Although the InkHouse office was closed because of its proximity to the marathon route, the firm’s owner Beth Monaghan reached out to her staff to ensure everyone was safe.
“For now, I am telling everyone to get home and be with their families,” she told PR Daily via email in the hours after the blast. “That is all that matters until we know that everyone is safe.”
At the time, Monaghan hadn’t accounted for all of her employees, some of whom were at the finish line. Thankfully, by the end of the day, she had received word that her entire staff was safe.
The two explosions that erupted near the race’s finish line killed three people and injured more than 100 people, according to published reports. The bombs detonated roughly four hours after the men’s race had begun.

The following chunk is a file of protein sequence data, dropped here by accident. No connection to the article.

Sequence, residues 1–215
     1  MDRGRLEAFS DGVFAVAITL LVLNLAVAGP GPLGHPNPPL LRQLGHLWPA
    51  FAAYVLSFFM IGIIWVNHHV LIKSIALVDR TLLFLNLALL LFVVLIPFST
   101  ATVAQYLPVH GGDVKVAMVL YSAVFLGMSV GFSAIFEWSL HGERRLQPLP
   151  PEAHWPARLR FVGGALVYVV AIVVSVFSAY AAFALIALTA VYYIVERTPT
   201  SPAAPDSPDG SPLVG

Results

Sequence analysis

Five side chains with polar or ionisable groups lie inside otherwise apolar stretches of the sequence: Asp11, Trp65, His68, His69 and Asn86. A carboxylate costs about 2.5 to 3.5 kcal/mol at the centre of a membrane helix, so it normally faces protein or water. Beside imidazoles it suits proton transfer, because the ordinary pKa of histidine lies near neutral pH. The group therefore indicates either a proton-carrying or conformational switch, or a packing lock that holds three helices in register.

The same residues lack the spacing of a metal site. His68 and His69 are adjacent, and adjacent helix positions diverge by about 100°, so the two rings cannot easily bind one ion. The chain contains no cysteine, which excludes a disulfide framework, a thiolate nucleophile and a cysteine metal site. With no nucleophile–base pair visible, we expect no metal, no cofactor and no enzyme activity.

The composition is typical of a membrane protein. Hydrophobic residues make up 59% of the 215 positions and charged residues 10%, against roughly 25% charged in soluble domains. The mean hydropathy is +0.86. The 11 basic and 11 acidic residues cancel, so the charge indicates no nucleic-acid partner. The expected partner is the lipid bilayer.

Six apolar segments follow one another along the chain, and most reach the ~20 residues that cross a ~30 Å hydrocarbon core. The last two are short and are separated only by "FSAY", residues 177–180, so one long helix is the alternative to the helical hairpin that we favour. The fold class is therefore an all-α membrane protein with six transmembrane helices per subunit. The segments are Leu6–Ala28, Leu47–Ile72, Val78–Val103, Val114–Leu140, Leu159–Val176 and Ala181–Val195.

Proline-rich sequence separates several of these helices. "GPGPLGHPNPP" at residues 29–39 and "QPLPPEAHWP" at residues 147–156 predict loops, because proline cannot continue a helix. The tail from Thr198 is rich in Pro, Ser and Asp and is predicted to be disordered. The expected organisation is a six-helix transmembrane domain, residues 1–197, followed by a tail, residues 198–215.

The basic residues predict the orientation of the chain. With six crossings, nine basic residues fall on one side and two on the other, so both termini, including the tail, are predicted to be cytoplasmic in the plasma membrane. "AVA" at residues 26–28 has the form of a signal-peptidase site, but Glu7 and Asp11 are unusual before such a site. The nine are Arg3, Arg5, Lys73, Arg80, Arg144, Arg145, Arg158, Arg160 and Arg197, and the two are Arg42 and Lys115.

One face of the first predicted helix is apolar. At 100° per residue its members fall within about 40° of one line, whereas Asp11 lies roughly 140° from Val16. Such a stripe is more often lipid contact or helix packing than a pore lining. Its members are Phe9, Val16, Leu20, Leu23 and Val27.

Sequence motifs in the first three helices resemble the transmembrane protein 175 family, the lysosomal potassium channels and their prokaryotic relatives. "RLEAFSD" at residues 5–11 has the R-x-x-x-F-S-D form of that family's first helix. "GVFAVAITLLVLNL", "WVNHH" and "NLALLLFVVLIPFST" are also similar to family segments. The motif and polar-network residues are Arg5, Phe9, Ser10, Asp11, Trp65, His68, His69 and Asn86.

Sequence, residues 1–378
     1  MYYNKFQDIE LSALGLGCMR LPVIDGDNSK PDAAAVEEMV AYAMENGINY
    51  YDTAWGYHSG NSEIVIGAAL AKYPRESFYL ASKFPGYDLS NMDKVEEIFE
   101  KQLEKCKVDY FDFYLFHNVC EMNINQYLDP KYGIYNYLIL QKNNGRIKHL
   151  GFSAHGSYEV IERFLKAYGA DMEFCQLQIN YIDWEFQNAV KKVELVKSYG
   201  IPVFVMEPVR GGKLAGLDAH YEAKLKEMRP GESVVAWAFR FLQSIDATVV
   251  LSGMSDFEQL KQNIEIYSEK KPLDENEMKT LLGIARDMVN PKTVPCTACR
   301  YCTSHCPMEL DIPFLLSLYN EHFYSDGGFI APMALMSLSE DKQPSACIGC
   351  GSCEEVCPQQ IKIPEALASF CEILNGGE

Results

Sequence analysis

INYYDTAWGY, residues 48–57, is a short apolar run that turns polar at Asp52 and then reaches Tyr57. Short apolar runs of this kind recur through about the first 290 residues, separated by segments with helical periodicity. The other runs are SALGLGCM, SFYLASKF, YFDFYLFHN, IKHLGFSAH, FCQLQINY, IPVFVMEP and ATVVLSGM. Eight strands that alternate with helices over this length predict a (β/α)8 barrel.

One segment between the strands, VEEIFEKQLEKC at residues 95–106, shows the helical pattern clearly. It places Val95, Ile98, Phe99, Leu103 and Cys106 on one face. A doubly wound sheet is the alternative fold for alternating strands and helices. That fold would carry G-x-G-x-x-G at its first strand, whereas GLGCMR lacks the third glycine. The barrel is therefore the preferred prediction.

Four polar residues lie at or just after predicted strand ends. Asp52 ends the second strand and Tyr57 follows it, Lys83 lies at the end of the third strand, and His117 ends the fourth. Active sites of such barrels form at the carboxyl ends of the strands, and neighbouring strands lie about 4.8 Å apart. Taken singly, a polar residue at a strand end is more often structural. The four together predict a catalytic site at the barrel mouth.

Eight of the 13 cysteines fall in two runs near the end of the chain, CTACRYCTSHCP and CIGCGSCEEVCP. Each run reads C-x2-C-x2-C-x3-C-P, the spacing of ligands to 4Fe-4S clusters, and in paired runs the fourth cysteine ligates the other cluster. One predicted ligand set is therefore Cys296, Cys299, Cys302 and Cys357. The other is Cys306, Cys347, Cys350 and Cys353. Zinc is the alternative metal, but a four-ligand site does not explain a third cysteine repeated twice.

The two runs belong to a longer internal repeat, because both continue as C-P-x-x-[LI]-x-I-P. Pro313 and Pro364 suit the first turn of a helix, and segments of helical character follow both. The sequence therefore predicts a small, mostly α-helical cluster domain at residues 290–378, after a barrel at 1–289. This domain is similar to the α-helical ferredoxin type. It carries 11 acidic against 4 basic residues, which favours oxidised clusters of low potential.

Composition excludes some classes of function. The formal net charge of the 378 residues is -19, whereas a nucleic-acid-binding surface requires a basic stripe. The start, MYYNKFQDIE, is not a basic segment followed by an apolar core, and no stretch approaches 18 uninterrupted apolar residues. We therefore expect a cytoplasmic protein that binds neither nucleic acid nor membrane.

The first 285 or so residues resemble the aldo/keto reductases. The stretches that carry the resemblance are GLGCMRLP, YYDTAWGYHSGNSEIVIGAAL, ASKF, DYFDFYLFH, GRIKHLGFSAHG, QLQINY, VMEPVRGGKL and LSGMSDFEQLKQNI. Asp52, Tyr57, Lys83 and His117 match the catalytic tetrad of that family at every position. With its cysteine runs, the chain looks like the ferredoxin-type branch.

“Today is a sad day for the City of Boston, for the running community, and for all those who were here to enjoy the 117th running of the Boston Marathon,” the Boston Athletic Association, which organized the marathon, said in a statement posted to its Facebook page. “What was intended to be a day of joy and celebration quickly became a day in which running a marathon was of little importance.”